By Kevin J. Sabo BLACK PRESS NEWS MEDIA
In a world where social distancing and online learning has been made the norm, Community Futures East Parkland has succeeded in connecting with the communities they serve.
One of the ways they’ve connected has been through the Community Opportunity Resiliency Project, with funding from the Federal Government for coal transition communities. To that end, Community Futures ran a business planning competition centre in the East Central Region.
“It was a competition I wanted to run to wrap the CROP project with Community Futures East Parkland,” said Nick Schmidt, the organizer of the competition.
“In my working with communities in East Central Alberta, I found that everyone benefited from doing a simple business plan. It answered a lot of questions.”
Community Futures East Parkland covers an area from Lacombe to east of Castor, as far north as Wetaskiwin, and as far south as Big Valley.
This business planning competition was more focused on just the east central area, in the area adjacent to the Paintearth Mine.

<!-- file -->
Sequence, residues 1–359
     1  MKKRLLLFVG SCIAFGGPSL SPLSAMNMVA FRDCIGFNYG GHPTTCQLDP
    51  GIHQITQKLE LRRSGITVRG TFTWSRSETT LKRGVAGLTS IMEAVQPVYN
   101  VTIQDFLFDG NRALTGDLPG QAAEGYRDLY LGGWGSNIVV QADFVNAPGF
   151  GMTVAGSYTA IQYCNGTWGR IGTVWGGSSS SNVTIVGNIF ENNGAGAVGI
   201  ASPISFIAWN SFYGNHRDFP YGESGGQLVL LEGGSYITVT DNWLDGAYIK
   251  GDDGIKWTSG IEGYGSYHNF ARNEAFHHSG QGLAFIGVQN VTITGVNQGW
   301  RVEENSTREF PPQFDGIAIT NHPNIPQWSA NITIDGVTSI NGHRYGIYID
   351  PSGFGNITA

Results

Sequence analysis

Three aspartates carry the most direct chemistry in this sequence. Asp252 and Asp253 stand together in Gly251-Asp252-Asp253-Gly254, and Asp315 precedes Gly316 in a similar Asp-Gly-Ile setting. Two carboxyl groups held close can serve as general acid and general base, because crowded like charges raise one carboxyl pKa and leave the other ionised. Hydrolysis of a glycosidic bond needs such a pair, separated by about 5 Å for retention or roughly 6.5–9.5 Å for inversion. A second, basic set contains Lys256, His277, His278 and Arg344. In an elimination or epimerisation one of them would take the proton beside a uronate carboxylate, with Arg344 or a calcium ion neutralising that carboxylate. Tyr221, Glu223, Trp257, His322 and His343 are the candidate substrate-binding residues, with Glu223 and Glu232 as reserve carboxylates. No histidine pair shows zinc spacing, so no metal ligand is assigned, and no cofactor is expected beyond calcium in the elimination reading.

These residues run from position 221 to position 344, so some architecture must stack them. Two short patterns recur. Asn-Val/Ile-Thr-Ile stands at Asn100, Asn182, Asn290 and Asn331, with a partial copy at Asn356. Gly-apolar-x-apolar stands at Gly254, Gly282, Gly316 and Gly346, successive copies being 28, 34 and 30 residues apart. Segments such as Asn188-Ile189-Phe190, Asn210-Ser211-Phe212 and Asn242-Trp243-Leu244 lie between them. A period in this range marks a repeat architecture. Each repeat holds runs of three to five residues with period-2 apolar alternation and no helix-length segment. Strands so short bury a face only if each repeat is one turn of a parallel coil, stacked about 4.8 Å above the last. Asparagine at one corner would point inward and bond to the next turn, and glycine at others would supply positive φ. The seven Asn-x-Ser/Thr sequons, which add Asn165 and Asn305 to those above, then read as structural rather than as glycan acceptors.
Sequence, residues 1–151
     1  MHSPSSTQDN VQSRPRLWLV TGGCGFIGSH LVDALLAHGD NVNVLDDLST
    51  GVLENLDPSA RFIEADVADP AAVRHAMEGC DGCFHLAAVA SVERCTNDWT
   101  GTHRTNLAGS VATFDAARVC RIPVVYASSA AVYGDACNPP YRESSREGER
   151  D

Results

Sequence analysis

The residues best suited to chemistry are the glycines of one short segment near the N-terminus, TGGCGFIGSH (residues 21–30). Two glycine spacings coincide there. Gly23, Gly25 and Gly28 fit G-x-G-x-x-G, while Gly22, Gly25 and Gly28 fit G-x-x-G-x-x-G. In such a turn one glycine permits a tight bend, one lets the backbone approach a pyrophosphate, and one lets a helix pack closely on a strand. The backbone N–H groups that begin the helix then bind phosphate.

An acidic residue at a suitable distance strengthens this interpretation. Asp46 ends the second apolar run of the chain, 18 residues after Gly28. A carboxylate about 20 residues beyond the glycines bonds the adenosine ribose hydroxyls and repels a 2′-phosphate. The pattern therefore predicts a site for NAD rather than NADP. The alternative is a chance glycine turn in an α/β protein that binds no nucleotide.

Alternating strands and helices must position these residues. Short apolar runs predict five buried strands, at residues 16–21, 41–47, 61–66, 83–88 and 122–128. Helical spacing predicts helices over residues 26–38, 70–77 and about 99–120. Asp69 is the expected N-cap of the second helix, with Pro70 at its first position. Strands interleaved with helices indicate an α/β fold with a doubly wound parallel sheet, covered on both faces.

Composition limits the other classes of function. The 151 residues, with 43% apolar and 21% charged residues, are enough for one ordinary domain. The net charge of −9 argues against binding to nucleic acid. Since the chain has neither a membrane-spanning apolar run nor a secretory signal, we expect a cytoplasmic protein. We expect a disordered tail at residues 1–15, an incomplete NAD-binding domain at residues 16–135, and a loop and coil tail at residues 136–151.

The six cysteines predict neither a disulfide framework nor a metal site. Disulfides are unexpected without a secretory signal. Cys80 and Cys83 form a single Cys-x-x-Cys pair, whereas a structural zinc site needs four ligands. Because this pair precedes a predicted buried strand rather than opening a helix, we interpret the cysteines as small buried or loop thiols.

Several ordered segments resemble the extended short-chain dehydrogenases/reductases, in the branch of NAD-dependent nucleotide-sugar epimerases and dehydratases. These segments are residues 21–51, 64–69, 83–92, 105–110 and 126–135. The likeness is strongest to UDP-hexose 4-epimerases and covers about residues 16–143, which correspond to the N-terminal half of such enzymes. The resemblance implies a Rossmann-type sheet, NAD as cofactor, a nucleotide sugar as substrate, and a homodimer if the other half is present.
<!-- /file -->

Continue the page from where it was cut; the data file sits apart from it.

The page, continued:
“CROP was focused on communities that were affected by closure of the coal mines,” said Schmidt.
“My mine was the Paintearth Mine, so I focused on the communities around it.”
The competition ran from early February, and concluded on March 5th, when all submissions had to be in. Twenty local businesses partook in the competition, with the grand prize winners being announced on March 19th.
The first-place winner of the competition was Fleet-area resident Eric Neilson, and Cabin on the Coulee Farm, taking home the $2,000 prize.
Second place went to Castor area residents Callum Morrison and Tess Griebel of Blue Door Butchers, winning $1,250.
Third place overall went to Halkirk area resident Laura Gamroth and her business V.I.P. Pets, winning $750.
Community Futures East Parkland has more competitions in the works for later on in the year, however how they look will depend on the restrictions in place at the time.
“We want to potentially be in person, but it depends on restrictions,” said Kate Gialson, economic development officer of Community Futures East Parkland.
“We are a very grass roots organization. I like to be in a room and shake someone’s hand.”